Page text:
Subscribing to a list

You can use a string to subscribe to an email list.

$emailList->subscribe('john@example.com');

Behind the scenes, we’ll create a Subscriber with email john@example.com and a Subscription, which is the relation between a subscriber and a list.

If you try to subscribe an email that already exists on a list it will be ignored.

You can also use a Subscriber to subscribe to an email list.

$subscriber = Subscriber::findForEmail('john@example.com');

$subscriber->subscribeTo($anotherEmailList);

Specifying first name and last name

There are attributes named first_name and last_name on the Subscriber model itself. When subscribing you can fill them by passing a second argument to subscribe.

$subscription = $emailList->subscribe('john@example.com', ['first_name' => 'John', 'last_name' => 'Doe']);

$subscription->subscriber->first_name; // returns 'John'
$subscription->subscriber->first_name; // returns 'Doe'

Adding regular attributes

If you need more attributes on a subscriber you can create a migration that adds a field.

Schema::table('email_list_subscribers', function (Blueprint $table) {
    $table->string('job_title')->nullable();
});

To fill the field just add a key to the second array passed to subscribe.

$subscription = $emailList->subscribe('john@example.com', ['job_title' => 'Developer']);

$subscription->subscriber->job_title; // returns 'Developer'

Adding extra attributes

The email_list_subscribers table has an json field called extra_attributes. You can use this field to add unstructured data to a subscriber.

When subscribing pass all the data to the third argument of subscribe. This data will be saved in extra_attributes.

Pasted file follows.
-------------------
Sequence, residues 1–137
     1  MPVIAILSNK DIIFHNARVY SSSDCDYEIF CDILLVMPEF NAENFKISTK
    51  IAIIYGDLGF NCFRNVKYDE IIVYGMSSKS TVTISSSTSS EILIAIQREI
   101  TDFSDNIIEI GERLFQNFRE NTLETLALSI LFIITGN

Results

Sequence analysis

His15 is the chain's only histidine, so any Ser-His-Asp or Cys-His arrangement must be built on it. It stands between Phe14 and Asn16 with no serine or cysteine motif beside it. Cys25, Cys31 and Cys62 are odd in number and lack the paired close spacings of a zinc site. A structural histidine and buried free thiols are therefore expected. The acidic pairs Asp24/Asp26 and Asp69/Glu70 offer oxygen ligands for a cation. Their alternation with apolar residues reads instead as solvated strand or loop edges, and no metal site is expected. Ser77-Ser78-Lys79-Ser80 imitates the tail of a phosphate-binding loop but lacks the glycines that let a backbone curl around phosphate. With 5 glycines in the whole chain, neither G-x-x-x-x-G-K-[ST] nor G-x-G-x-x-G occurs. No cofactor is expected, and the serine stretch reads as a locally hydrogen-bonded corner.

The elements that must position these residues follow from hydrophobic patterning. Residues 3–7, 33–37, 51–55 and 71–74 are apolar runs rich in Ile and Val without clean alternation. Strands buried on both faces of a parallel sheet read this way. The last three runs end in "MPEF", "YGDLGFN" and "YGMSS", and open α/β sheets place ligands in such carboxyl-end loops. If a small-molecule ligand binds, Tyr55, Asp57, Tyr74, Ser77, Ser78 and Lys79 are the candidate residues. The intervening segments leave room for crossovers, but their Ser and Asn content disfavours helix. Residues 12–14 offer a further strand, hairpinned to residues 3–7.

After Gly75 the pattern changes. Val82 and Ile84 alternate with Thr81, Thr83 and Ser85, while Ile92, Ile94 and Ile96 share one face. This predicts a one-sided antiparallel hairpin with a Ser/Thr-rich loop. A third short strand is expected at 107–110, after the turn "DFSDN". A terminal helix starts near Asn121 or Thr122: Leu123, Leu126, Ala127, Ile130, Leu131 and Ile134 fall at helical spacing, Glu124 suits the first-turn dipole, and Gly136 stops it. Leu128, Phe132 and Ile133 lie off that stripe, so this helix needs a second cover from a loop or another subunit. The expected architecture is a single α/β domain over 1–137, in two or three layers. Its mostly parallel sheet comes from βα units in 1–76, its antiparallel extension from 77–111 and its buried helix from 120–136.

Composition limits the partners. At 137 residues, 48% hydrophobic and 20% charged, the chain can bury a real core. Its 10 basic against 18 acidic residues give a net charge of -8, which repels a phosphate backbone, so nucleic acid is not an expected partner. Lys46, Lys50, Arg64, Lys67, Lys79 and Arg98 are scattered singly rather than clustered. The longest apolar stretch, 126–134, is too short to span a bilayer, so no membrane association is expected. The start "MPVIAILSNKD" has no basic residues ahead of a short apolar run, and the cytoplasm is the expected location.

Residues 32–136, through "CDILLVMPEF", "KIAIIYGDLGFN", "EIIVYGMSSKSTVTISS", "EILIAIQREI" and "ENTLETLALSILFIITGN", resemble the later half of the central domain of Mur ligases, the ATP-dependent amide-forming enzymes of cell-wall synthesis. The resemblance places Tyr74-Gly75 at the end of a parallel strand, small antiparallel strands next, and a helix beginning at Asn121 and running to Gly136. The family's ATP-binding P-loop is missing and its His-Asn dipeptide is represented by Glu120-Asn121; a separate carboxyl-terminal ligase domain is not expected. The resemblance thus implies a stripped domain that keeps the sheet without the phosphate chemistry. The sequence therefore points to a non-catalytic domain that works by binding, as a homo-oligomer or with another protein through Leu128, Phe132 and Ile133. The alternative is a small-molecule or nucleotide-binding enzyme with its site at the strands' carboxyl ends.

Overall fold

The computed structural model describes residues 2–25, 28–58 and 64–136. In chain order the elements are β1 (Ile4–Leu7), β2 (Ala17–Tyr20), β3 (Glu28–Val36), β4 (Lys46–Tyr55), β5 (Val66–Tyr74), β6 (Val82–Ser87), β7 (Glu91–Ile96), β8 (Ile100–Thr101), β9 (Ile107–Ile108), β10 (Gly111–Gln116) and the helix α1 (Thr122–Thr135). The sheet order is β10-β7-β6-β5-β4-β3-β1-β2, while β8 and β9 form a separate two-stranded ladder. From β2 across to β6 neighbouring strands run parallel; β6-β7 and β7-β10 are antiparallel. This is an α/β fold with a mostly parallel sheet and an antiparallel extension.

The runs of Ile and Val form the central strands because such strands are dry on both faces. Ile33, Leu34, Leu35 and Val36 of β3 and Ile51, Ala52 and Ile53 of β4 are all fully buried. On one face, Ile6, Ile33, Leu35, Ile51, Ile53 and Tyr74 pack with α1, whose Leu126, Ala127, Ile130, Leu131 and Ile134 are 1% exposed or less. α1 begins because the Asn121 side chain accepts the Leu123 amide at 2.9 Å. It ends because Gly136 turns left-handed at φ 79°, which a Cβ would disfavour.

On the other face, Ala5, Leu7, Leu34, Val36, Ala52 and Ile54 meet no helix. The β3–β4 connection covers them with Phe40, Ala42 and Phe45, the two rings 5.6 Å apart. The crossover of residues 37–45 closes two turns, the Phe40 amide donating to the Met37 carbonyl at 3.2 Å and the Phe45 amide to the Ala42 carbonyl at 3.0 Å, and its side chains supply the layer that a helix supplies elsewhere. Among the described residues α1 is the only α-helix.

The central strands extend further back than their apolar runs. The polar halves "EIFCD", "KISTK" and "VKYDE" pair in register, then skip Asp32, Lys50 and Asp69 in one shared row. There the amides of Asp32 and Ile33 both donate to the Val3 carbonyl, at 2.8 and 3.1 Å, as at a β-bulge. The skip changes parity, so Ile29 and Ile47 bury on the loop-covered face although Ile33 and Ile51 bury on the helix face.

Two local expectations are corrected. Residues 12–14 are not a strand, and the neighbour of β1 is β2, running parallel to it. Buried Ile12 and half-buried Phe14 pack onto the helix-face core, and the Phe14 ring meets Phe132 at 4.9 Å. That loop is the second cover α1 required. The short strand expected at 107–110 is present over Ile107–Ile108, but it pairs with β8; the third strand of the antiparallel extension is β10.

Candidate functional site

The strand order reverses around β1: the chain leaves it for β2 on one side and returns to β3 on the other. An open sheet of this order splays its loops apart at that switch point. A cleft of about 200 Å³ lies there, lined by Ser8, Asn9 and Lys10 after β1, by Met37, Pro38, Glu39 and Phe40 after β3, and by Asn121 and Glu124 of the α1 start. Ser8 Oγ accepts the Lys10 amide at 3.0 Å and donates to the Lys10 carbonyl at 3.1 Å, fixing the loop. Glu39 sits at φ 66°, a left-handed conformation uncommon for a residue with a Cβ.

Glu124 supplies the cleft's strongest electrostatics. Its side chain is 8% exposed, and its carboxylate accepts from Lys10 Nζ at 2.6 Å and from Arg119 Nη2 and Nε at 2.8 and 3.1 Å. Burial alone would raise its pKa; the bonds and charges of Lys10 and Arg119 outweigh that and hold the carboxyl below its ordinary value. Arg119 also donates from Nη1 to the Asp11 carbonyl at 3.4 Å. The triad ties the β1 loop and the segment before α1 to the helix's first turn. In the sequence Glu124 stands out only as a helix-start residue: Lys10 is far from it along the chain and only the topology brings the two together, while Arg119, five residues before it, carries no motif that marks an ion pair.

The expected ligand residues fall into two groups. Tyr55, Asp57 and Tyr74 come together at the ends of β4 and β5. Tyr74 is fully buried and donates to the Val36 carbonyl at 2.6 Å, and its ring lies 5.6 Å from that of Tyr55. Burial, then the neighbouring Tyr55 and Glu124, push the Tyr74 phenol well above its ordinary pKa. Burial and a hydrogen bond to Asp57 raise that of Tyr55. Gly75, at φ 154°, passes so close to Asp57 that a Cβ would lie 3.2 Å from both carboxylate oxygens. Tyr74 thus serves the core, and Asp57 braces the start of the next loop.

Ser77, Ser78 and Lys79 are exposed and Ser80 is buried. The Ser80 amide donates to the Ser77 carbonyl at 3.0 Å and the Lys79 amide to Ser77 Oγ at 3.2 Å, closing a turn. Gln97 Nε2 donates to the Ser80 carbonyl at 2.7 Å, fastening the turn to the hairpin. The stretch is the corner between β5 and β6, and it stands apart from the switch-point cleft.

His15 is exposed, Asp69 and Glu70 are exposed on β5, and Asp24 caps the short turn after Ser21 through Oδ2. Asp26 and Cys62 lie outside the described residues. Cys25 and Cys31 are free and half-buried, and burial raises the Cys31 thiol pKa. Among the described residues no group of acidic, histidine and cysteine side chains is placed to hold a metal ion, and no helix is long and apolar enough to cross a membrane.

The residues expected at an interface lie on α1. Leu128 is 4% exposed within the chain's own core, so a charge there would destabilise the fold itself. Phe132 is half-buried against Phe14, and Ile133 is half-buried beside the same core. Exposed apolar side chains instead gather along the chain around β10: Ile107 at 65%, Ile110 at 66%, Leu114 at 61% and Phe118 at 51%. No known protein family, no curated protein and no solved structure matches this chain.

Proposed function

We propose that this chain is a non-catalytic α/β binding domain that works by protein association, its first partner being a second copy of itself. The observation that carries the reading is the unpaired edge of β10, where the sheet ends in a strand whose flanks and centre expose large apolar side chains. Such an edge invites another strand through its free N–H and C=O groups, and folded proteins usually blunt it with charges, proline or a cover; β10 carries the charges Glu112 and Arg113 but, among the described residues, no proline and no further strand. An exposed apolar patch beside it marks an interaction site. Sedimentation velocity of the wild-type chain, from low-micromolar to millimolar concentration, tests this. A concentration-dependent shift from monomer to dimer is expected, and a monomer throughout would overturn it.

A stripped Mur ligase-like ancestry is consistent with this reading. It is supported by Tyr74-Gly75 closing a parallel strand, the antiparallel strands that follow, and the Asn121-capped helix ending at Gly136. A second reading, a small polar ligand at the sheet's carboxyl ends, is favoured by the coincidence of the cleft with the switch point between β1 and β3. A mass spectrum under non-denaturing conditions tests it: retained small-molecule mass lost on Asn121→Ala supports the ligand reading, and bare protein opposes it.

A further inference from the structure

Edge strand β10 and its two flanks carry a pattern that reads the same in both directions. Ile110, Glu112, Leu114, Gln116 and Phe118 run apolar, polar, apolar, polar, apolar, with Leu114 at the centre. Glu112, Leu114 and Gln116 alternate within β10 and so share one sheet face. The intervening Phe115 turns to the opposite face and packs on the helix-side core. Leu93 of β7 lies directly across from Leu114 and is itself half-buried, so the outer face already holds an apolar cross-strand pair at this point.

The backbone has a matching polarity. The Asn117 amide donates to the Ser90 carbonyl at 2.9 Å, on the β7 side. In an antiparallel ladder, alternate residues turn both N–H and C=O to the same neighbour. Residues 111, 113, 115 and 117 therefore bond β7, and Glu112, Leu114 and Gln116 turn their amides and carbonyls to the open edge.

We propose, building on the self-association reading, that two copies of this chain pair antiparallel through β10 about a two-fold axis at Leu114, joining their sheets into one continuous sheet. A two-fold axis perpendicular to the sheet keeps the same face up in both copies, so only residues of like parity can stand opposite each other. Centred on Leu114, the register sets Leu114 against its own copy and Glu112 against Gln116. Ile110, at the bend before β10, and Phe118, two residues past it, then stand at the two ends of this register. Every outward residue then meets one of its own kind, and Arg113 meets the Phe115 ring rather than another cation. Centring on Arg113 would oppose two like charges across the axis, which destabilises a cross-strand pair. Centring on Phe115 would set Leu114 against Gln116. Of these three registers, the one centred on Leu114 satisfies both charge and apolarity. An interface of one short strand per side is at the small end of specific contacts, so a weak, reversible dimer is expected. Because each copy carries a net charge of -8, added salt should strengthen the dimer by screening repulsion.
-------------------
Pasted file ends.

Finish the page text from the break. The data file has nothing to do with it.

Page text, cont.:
$emailList->subscribe('john@example.com', [],  [
    'key 1' => 'value 1',
    'key 2' => 'value 2'
]);

$subscriber = Subscriber::findForEmail('john@example.com');

$subscriber->extra_attributes->get('key 1'); // returns 'value 1';
$subscriber->extra_attributes->get('key 2'); // returns 'value 2';

You can read more on extra attributes in this section of the docs.

Checking if someone is subscribed

You can check if a given email is subscribed to an email list.

$emailList->isSubscribed('john@example.com'); // returns a boolean

You can use a subscriber to check to if it is subscriber to a list.

$subscriber->isSubscribedTo($emailList) // returns a boolean;

Getting all list subscribers

To get all subscribers of an email list you can use the emailList you can call subscribers on an email list.

$subscribers = $emailList->subscribers; // returns all subscriber

To get the email address of a subscriber call email on a subscriber.

$email = $subscribers->first()->email;

Calling subscribers on an email list will only return subscribers that have a subscription with a subscribed status. Subscribers that have unsubscribed or are still pending (when using double opt in) will not be returned.

To return all subscribers, including all pending and unsubscribed ones, use allSubscribers.

$allSubscribers = $emailList->allSubscribers;

Skipping opt in when subscribing

If double opt-in is enabled on a list, then subscribeTo won’t result in an immediate subscription. Instead, the user must first confirm, by clicking a link in a mail, before their subscription to the new list is completed.

To immediately confirm someone, and skipping sending the confirmation mail, use subscribeNow:

$emailList->subscribeNow('john@example.com');

// or using an existing subscriber
$subscriber->subscribeNowTo($anotherEmailList);